Volunteer Service Companies - KSLI

The Second BOER War

Volunteer Service Companies - KSLI

1899 - 1902

The Volunteer Service Companies of the 2nd Battalion King's Shropshire Light Infantry

A shortage of Regular troops to fight in South Africa resulted in calls being made in the UK to the auxiliary formations (Yeomanry, Militia and Rifles Volunteers) to send reinforcements. In the case of the Rifle Volunteers, Volunteer Service Companies (VSC) of 3 + 113 were to be formed and were to serve as a formed company, attached to a regular unit, for 12 months in South Africa. 1st and 2nd Volunteer Battalions KSLI and the Herefordshire RVC (Hereford & Radnor), being the three volunteer battalions of 53rd Regimental District, each provided a detachment for the VSC KSLI, which was formed at the depot of the KSLI, Copthorne Barracks, Shrewsbury, in 1900.

The conditions under which the services of members of the Volunteer Force were accepted for duty in South Africa were set forth in an Army Order issued by Lord Wolseley, Commander-in-Chief:

A carefully selected Company of 116 of all ranks may be raised for each line Battalion serving in or about to proceed to South Africa from the affiliated Volunteer Battalions. This Company will be attached for service to the line Battalion in South Africa and placed under the Commanding Officer of that Battalion.
An equal number of waiting Companies may be maintained at home.

The 5th (Irish) Volunteer Battalion, Liverpool Regiment, will furnish the Company for the Royal Irish Regiment, and the 16th Middlesex (London Irish) for the Royal Irish Rifles.

The strength of each Company will be one Captain, two Subalterns, one Sergeant-Instructor to act as Pay Sergeant, four Sergeants, two Buglers, five Corporals, ninety-nine Privates and two Stretcher Bearers. Total: 116.

The selection of Officers and the composition of each Company will be controlled by the Officer Commanding the Regimental District in which it is raised. In the case of line Battalions having several affiliated Volunteer Battalions, Companies will be formed from about an equal number of men from each Battalion, as the Officer Commanding the Regimental District may decide. No Volunteer Battalion will be allowed to contribute less than one complete section.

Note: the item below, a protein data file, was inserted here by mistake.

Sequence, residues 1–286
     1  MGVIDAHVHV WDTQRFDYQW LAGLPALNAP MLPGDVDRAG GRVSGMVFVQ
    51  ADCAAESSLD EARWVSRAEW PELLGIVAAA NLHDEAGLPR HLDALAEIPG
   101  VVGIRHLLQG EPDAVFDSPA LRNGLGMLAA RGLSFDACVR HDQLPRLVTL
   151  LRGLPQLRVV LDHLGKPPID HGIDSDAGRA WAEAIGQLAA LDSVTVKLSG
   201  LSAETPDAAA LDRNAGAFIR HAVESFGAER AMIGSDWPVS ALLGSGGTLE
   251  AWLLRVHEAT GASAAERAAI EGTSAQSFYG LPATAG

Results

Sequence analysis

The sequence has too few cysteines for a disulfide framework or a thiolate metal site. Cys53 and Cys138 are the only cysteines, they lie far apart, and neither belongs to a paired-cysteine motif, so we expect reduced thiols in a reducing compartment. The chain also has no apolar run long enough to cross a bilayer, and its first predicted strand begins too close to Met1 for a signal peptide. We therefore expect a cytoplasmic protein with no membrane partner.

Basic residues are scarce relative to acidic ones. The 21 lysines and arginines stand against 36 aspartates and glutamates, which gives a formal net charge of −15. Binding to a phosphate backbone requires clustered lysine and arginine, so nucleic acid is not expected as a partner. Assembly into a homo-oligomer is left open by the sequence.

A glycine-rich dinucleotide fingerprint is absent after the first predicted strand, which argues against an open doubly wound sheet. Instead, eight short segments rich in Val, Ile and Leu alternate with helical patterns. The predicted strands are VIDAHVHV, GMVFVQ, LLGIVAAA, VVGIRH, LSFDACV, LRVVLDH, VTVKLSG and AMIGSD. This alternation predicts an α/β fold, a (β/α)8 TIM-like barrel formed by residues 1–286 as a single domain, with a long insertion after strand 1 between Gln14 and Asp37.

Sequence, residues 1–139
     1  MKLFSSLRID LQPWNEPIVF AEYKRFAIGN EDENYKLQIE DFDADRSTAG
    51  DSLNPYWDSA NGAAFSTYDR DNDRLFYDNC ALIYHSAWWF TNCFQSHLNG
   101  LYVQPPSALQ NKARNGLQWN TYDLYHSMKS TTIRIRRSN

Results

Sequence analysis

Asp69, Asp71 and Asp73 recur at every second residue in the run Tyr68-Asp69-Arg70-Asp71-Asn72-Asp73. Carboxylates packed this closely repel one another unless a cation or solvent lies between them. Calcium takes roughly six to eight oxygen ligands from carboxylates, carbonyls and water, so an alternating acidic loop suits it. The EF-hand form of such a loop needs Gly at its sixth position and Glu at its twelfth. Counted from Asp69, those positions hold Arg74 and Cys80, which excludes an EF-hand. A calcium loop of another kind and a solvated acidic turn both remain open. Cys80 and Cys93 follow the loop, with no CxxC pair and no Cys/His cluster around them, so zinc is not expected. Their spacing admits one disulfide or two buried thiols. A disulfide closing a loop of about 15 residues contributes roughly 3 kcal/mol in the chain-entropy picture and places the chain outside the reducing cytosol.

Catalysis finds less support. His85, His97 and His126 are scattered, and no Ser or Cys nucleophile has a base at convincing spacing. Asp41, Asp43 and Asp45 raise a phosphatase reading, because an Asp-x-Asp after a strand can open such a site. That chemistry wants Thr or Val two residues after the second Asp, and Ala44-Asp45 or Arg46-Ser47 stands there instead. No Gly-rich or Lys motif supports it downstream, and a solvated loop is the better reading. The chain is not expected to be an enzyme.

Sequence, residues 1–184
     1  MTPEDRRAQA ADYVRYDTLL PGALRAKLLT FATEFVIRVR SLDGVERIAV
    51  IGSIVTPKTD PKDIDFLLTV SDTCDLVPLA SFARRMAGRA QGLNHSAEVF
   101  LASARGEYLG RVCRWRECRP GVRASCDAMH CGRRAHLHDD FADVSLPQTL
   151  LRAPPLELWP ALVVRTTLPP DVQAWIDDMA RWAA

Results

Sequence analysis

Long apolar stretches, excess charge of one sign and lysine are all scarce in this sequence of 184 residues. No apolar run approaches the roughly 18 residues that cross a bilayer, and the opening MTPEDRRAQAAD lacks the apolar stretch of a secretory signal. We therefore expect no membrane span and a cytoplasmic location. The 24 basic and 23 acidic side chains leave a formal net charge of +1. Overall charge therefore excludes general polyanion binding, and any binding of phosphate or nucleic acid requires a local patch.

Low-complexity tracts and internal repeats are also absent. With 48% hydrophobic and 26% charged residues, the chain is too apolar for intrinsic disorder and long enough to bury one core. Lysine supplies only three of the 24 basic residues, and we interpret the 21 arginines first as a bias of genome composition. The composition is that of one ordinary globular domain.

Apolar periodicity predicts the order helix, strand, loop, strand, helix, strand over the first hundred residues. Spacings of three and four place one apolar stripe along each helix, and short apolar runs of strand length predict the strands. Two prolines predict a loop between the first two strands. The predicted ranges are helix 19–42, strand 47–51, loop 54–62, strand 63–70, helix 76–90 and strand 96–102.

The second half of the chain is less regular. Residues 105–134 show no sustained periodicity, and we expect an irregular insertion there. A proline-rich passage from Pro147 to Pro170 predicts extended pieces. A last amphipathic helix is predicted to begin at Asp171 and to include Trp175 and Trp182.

The following will be the qualifications for service:
• Every Volunteer must enlist for one year, or for the War. In the event of the War being over in less than one year he will have the option of being discharged at once or of completing his one year's service. •
• He must be not less than twenty nor more than thirty-five years of age. •
• He must be a first class shot under volunteer rules. •
• He must have been returned as efficient during 1898 and 1899. •
• He must be of good character. •
• He must be up to the physical standard of an Infantry recruit as laid down in the Recruiting Regulations for the Army. No relaxation of standard will be allowed.
• He must be medically fit for active service.
• Preference should be given to unmarried men or widowers without children. Married men should be accepted only in the event of an insufficient number of single men or widowers without children volunteering.

When a Volunteer Commanding Officer has received application from not less than a Section of Volunteers, he will so inform the Officer Commanding the Regimental Depot to which his Battalion is affiliated, who will then — if they are to form part of the Service Company — have them medically inspected and, if fit for service, attested.

After attestation they will join the Regimental Depot until required for embarkation. In the event of there not being sufficien

In 1900 1st HRVC took part in the 28 day emergency camp at Fleetwood, Lancashire, and detachments from the battalion formed part of 1st and 2nd Volunteer Service Companies KSLI, which served with 2nd (Regular) Battalion KSLI in South Africa during the years 1900 to 1902. 2nd Battalion KSLI formed part of 19 Brigade of 9 Division.

The numbers volunteering for these detachments far exceeded the requirement, and this enthusiasm was indicative of the fighting spirit of the Battalion. The first detachment was under the command of Lt JF Cutler, and the second detachment Lt Percy Anthony.

The restriction on numbers accepted for active service with the VSCs caused some disappointment, and two officers of 1st HVRC offered their services individually: Maj JRL Rankin served with Rimington's Guides and Capt E Kenworthy with Roberts' Horse, two of the irregular units raised in South Africa during the war. Maj Rankin was the author of the well known history of Rimington's Guides: A Subaltern's Letters to His Wife. It is of interest that the adjutant of the Guides was Capt CH Rankin of the 7th Hussars. The unit, commonly known as Rimington's Tigers' from the piece of leopard skin worn around the slouch hat, became famous when one of its patrols discovered the main Boer Force under Cronje on the western border of the Free State. This discovery led to the capture of Cronje's force at Paardeberg on 27 February 1900, one of the first successes of the war, and one of the proudest Battle Honours of the KSLI.

The Bearer Company was also eager to render help in the urgent demand for stretcher-bearers, and a number of volunteers from the Welsh Border Bearer Company RAMC served in the South African War.